“Amazon agents are urgently needed in each state of the federation. You work from home and get daily earnings from 5,000 naira to 50,000 naira, no qualifications needed,” reads the text of the post.
But is Amazon really recruiting in Nigeria? We checked.
‘It’s a scam’
Africa Check debunked a similar claim in February.
“This is in fact a scam and one we have seen in other countries,” Sthe Shabangu, the company’s public relations manager for sub-Saharan Africa, told Africa Check.
‘We’re taking down sites with fake Amazon job ads’
Shabangu explained that the company actively investigates employment scams that are reported to it.
“We actively investigate reported employment scams, and as a result, dozens of fraudulent recruiting websites have been taken down,” she said.
She encouraged people to report fraudulent sources offering jobs on behalf of Amazon.
For more on how to avoid being duped on Facebook, see our guide on how to spot job scams.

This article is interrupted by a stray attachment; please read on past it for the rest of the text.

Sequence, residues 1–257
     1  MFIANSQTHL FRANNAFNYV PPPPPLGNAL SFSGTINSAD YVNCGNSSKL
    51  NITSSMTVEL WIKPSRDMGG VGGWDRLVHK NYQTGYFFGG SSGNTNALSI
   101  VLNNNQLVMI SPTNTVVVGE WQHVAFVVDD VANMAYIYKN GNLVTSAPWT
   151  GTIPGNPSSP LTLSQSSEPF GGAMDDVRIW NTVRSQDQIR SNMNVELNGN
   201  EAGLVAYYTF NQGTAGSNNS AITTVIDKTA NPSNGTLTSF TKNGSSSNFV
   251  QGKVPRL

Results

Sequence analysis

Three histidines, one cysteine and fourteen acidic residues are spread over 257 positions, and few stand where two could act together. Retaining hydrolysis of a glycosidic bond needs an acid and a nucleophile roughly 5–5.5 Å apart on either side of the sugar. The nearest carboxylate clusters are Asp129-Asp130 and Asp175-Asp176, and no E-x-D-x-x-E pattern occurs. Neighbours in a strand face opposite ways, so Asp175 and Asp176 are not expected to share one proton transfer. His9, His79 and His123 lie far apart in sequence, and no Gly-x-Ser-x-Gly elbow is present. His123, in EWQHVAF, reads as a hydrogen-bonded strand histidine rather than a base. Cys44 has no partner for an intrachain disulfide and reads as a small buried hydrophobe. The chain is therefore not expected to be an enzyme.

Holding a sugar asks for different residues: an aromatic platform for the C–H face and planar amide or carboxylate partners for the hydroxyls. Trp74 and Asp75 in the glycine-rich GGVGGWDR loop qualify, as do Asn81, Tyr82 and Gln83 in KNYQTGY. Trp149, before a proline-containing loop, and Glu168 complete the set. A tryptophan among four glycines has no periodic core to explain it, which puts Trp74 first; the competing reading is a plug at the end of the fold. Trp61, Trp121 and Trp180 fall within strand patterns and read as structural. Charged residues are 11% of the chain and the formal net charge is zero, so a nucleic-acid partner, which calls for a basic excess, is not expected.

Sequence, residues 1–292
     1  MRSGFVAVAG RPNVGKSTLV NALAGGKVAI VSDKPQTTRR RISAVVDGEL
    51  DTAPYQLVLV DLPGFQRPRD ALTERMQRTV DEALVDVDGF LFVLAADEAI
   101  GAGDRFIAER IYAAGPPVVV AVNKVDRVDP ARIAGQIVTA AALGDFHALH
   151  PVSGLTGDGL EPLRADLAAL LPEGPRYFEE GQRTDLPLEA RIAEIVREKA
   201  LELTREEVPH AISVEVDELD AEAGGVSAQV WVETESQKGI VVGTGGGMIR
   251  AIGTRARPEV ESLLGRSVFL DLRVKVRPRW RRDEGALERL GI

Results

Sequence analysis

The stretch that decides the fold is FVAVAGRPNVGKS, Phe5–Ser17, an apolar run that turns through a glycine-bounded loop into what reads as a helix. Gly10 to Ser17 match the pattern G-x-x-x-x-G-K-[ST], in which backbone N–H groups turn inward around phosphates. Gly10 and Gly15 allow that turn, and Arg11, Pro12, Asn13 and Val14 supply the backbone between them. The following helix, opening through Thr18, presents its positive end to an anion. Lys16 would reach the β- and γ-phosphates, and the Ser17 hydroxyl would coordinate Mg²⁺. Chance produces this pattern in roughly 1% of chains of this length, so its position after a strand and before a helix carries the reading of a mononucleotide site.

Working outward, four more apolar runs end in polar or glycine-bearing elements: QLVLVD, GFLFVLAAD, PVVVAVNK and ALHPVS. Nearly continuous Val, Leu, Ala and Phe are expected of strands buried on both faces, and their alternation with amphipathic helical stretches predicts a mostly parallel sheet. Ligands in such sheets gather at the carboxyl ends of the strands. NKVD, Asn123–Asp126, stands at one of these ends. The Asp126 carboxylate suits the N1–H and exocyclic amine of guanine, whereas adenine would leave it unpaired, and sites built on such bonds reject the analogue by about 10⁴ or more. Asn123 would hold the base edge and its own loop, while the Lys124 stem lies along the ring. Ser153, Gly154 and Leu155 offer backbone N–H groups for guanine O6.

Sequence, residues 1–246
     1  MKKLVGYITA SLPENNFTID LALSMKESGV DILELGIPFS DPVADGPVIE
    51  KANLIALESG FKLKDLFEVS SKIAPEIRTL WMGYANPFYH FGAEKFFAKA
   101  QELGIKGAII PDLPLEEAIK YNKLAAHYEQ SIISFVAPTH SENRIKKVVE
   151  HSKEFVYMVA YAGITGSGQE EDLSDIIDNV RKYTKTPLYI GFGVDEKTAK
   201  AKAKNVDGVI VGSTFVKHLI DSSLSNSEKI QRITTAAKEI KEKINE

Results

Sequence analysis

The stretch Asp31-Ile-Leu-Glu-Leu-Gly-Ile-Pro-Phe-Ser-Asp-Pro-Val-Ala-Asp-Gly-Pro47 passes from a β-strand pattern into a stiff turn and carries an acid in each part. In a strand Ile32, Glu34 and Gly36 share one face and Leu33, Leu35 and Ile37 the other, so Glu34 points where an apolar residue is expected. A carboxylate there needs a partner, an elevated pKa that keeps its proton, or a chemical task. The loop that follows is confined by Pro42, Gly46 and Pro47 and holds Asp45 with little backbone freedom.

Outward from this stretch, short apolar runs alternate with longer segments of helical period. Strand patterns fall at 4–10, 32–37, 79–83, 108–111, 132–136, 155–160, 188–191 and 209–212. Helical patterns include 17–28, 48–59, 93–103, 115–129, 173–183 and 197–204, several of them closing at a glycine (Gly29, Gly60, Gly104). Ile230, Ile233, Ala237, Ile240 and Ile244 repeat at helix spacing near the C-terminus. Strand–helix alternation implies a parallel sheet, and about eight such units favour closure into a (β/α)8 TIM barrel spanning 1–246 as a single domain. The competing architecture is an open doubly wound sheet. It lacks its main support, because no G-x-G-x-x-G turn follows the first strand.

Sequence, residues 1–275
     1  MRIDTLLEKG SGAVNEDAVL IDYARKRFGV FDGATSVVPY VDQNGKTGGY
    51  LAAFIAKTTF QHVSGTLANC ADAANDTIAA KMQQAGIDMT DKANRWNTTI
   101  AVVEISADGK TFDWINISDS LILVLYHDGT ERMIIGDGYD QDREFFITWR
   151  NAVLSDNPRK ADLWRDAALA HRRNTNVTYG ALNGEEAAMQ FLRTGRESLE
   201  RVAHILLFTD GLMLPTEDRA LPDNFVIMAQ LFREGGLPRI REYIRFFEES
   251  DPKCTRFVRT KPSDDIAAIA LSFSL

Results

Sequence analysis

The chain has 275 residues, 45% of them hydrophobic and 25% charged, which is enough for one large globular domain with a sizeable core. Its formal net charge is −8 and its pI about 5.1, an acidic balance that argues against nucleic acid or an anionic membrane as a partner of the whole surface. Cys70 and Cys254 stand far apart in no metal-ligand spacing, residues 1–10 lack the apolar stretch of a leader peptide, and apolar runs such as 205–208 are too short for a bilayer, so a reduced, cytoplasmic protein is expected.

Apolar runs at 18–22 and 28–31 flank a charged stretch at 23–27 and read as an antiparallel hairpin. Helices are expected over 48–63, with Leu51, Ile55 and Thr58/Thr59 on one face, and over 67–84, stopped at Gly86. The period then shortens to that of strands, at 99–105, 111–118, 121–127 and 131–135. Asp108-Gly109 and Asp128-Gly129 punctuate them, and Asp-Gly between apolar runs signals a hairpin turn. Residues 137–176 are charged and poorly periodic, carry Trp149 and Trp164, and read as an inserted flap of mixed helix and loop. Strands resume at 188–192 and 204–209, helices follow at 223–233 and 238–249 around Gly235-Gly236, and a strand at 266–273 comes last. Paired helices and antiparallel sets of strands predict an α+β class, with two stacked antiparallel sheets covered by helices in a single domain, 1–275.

For publishers: what to do if your post is rated false
A fact-checker has rated your Facebook or Instagram post as “false”, “altered”, “partly false” or “missing context”. This could have serious consequences. What do you do?
Click on our guide for the steps you should follow.Publishers guide
Africa Check teams up with Facebook
Africa Check is a partner in Meta's third-party fact-checking programme to help stop the spread of false information on social media.
The content we rate as “false” will be downgraded on Facebook and Instagram. This means fewer people will see it.
You can also help identify false information on Facebook. This guide explains how.